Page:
Even though it has never been as ubiquitous in contemporary culture or modern media as right now, there are some indications out there that we may bear witness to the death of the hashtag in the near future.

RIP Hashtags

Requiescat in pace Hashtag?
(Image via Shutterstock)

For those of you who may not be completely familiar with the concept, the hashtag is a means of linking your online posts with others on the same topic by placing a hashtag or pound sign in front of a word or series of words.

Even if you are not a frequent user of the social networks, you will have seen hashtags used on screen during television broadcasts or used in advertising in magazines and papers, in the hope that people will comment on those programmes or adverts via social media (using the suggested hashtag) which would boost the brand awareness or the ‘conversation’ about their product.

It is this ubiquity that may soon be responsible for the hashtag’s downfall, as it is far too easy to hijack or misappropriate a hashtag for negative or cynical purposes.  My first real sense of disillusionment with the concept came last year.  I had written an article on the #FF hashtag, and I received the following e-mail in response:

 I didn’t know what this was do [sic] once I clicked on the FF tag and it is hyperlink to a FF site that has porno pictures.  I then looked up the meaning on the Internet and found the explanation abs [sic] your email address.

 

You know children could click on that and have their brains assaulted with that filth. 

Of course, no individual person and no one social network has proprietary over any one particular hashtag, and that is both its strength and its weakness as a concept.  They are owned and controlled by no-one, and therefore are open to use by everyone.

What constitutes as misuse of a hashtag is ultimately a subjective judgement.  If a pornographer or a protester adopts a particular hashtag for their own purposes, surely it is the content or the cause that should be subjected to our moral judgement, and not the hashtag itself?  And if that content is problematic, it is a problem for the social networks and/or government to police, and not an issue for the hashtag (which is effectively just a form of basic open-source code, when one thinks about it).


When Fallon & Timberlake mercilessly mock the ubiquity of the hashtag, does it mean that we’re at the beginning of its end?

However, widespread misuse and misappropriation of hashtags are problematic as they undermine the concept and stop the conversation.  By their own definition, hashtags are meant to link posts that all deal with a similar subject or topic, yet if others en masse are just adding them on randomly to off-topic posts for advertising purposes, where does that leave the conversation?  One would hope that the majority of promoted and used hashtags stay on topic (and I am sure many do), but more generic hashtags such as #UK or #SocialMedia are just left open to misuse, either through misunderstanding or cynicism.

The lack of a singular definition of any one hashtag causes confusion in itself.  Jon Stock recently wrote in The Telegraph about how the #fgw hashtag used by commuters to complain about a much-maligned train company in the UK had been appropriated by a female Twitter user campaigning for women with small breasts (‘flat girl wins’, apparently).  Away from anything that could be misconstrued as text-speak innuendo, I myself was frustrated when I worked in a previous role; the company utilised a technology called Transcranial Magnetic Stimulation, and I very much wanted to use #TMS in our marketing material.  Unfortunately, #TMS had already been widely adopted by cricket lovers on social media to refer to the much-loved British radio institution Test Match Special.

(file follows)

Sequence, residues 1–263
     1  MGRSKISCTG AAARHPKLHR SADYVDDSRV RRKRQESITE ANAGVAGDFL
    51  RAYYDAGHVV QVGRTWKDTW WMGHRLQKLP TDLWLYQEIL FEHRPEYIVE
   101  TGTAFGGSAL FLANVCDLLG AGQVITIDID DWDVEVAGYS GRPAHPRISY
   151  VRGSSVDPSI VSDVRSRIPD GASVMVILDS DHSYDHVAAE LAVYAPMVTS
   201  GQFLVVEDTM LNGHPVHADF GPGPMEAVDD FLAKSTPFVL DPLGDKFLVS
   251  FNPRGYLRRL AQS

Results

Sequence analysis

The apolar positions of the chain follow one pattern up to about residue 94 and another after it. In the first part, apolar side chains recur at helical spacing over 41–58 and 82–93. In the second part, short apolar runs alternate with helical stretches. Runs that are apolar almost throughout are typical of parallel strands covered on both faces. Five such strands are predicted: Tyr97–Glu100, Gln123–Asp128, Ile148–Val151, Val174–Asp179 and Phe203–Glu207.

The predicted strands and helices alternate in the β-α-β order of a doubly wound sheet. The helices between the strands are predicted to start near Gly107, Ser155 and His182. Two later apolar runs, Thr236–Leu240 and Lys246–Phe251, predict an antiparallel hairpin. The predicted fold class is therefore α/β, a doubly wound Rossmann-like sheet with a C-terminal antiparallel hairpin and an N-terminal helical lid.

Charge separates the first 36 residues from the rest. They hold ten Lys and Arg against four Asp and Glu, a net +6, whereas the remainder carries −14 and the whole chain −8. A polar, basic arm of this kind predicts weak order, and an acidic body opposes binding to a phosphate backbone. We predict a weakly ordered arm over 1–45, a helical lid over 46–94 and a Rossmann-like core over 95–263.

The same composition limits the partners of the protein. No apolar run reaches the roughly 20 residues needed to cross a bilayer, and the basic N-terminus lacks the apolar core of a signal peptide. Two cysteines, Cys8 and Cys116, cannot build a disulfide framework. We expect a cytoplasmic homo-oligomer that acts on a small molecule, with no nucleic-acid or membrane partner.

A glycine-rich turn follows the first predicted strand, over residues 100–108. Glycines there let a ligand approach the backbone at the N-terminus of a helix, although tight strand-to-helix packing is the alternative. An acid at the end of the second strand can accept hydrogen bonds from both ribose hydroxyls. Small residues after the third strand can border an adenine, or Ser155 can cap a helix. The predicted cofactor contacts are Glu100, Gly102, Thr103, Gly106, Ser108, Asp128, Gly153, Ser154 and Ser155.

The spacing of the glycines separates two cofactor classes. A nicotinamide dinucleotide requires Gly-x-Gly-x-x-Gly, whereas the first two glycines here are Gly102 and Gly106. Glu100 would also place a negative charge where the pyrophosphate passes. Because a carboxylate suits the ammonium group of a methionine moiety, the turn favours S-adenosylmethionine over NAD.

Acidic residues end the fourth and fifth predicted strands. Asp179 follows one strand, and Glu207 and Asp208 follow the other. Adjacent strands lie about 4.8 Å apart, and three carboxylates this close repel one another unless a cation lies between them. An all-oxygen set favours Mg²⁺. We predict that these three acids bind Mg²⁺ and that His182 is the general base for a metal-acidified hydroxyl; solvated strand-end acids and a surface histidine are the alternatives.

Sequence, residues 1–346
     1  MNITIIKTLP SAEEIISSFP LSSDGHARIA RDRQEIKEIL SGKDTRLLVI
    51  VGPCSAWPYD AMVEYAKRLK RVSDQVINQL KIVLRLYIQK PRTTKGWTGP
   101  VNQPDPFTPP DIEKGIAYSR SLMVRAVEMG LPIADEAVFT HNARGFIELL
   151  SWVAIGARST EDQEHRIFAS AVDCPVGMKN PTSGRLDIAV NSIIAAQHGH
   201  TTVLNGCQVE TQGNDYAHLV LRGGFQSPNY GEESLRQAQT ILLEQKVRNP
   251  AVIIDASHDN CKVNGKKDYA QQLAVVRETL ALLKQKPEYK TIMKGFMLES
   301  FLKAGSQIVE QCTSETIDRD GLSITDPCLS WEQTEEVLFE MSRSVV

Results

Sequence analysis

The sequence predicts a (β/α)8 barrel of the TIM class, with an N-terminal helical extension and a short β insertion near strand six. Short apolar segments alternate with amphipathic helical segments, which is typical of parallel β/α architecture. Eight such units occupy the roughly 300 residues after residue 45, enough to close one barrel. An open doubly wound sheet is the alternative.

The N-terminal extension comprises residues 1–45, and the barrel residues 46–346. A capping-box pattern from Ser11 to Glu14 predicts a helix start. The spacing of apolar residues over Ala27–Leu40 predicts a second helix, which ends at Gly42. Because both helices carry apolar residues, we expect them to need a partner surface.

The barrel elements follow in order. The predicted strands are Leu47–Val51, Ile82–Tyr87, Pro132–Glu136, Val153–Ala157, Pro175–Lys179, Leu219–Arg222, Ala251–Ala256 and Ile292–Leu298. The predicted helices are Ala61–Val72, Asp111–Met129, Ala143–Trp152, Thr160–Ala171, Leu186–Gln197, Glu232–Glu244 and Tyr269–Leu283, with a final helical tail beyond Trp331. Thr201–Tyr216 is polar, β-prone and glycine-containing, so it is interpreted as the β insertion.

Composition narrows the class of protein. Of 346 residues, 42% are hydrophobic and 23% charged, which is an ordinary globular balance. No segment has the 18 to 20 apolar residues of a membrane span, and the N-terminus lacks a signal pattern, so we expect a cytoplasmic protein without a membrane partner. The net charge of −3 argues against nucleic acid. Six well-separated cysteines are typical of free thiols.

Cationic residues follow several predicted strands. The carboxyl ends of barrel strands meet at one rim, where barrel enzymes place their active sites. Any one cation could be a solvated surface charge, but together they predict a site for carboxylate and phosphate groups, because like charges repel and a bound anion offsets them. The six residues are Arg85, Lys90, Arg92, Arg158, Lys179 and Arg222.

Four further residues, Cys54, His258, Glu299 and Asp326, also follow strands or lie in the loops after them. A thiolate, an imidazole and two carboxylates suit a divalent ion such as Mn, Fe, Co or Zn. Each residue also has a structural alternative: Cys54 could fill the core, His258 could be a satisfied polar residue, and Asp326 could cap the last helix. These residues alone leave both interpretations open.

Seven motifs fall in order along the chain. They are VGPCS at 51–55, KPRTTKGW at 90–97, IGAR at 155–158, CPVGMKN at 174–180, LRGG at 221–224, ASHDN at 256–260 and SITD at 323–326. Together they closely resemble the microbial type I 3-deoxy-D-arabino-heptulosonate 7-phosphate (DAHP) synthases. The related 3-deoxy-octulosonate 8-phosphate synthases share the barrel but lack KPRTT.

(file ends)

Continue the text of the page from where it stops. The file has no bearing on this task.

Misunderstandings aside, there are other indications that the use of hashtags has peaked.  Vivian Schiller, Twitter’s head of news, recently called the hashtag ‘arcane’ and said that Twitter are looking at ways of retaining the underlying functionality of connected posts while doing away with the symbol itself.  Meanwhile, Facebook’s adoption of hashtags has been half-hearted and half-baked at best, with social media consultancy Socialbakers recently releasing a report that revealed Facebook posts which featured hashtags had less (rather than more) engagement as a consequence.  LinkedIn abandoned hashtags for its network in July 2013.

Even though it might seem inconceivable at the time of writing (March 2014) that the hashtag will soon disappear, there is plenty of evidence out there that hashtag usage is now at its zenith and that the only way for it to go is downwards.  Given that hashtags do not connect conversations across multiple social networks (only on the network that they are used), and that there are some jitters about Twitter’s longer-term commercial prospects, there’s a sense underpin that hashtags’ ongoing usage is not a guaranteed thing.

Anyone claiming the imminent demise of the hashtag would be foolish, but equally it would be stupid to blithely assume that they’re still going to be in common use come 2020 (to take a future year at random).  As technology evolves and communication sensibilities change, so will the content and the techniques of our social media exchanges, and the resulting death of the hashtag is not inconceivable.

Nick is a communications professional with over 15 years’ experience of working in both the private and public sector. As Nick Lewis Communications, he’s now using his wealth of knowledge to help small businesses and organisations adapt to the modern online age. A graduate from the University of Wales Swansea, he worked in various marketing roles prior to launching Nick Lewis Communications in 2012.

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